Dr Maddox had testified before in the trial how she was asked by the defense to do an evaluation of Jones when he entered Kirkland Correctional Center on Sept. 13, 2014.
Maddox testified that at that time, Jones was clearly psychotic — and diagnosed him as schizophrenic with unnamed underlying mental psychosis.
Since that time, she has been used as a consultant by the defense team, and has seen Jones once a year since 2014 to order tests and check on Jones’ medication.
Maddox says Jones meets criteria for schizophrenia and continues to have symptoms of psychosis. The doctor gives a very brief description of her visits with Jones:
- Sept. 13, 2014 = initial visit
- June 24, 2015 = Jones reports the hallucinations and voices are gone;
- April 18, 2016 = after Jones’ suicide attempt, he reports the voices gone, he says he is getting better with meds (even with side effects). She tests Jones’ cognitive level (test of verbal fluency = in a minute name every word that begins with …). He supposedly scored a 6 (down from 23 earlier/normal is 16); Maddox recommended neuro-psychological tests and MRIs;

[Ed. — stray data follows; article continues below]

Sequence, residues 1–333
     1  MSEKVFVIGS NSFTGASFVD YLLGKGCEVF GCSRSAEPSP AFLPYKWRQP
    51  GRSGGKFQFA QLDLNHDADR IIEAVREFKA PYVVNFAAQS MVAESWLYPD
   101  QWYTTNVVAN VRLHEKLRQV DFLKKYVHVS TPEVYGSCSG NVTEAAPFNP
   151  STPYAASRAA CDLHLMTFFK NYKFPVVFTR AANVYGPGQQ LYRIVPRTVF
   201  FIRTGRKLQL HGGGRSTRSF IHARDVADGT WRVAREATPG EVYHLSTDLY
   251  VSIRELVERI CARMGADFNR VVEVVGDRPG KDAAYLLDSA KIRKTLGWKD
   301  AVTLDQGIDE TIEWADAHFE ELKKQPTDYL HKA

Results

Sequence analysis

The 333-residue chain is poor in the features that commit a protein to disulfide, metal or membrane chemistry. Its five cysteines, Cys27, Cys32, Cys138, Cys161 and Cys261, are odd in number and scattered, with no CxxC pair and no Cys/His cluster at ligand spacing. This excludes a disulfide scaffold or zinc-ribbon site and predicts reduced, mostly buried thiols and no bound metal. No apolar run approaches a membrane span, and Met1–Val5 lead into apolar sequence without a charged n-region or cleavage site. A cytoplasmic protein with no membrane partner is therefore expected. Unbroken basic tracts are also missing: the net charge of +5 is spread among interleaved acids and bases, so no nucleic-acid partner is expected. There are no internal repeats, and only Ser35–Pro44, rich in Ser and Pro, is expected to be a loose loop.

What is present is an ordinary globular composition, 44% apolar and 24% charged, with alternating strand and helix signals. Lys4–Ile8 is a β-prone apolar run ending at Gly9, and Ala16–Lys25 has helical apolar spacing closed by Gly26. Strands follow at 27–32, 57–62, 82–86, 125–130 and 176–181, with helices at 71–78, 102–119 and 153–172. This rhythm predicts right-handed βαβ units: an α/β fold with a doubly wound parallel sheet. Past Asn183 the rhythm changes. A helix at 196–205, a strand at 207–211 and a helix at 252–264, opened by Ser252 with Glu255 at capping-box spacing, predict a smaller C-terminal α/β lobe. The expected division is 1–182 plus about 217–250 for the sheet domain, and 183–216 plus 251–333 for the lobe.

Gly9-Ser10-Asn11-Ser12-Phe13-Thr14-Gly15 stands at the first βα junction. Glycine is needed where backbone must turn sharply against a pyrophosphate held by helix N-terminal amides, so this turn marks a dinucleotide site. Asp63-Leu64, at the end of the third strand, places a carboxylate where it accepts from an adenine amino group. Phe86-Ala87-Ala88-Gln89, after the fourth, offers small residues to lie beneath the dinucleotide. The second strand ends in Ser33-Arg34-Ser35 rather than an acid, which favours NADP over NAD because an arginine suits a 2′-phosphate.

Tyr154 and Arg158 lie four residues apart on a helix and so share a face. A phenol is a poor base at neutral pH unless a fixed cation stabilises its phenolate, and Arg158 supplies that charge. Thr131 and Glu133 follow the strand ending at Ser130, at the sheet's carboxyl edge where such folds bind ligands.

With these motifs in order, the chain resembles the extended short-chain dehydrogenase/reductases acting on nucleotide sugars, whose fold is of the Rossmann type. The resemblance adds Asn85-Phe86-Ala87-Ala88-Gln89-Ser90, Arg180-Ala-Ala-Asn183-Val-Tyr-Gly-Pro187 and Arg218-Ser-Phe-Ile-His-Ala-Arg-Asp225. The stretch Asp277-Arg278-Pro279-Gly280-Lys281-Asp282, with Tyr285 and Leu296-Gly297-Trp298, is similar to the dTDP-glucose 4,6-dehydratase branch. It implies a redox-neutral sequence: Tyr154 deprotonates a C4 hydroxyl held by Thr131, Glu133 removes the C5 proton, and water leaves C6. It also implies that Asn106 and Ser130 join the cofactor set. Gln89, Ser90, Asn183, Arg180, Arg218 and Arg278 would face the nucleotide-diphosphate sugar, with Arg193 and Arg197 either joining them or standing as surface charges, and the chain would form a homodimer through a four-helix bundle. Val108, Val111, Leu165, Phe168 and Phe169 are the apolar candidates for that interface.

- May 8, 2019 = Maddox saw Jones because he reported hallucinations; his dosage of Geodone had been cut from 320 to 40mg so she upped it.
- May 22, 2019 = Lexington County Sgt. Barry Sowards called Maddox. Sowards has been in charge of Jones’ movements to and from jail to court and became concerned that Jones was on suicide watch, not sleeping, seemed more withdrawn, and showing symptoms of psychosis. Maddox realized that when Jones was at Kirkland, Jones had taken his medicine with food, at Lee he not taken medication with snacks so he tapered off and symptoms came back.
Maddox thought/still thinks Jones under-reports symptoms; he knows his symptoms but unable to identify them when they occur.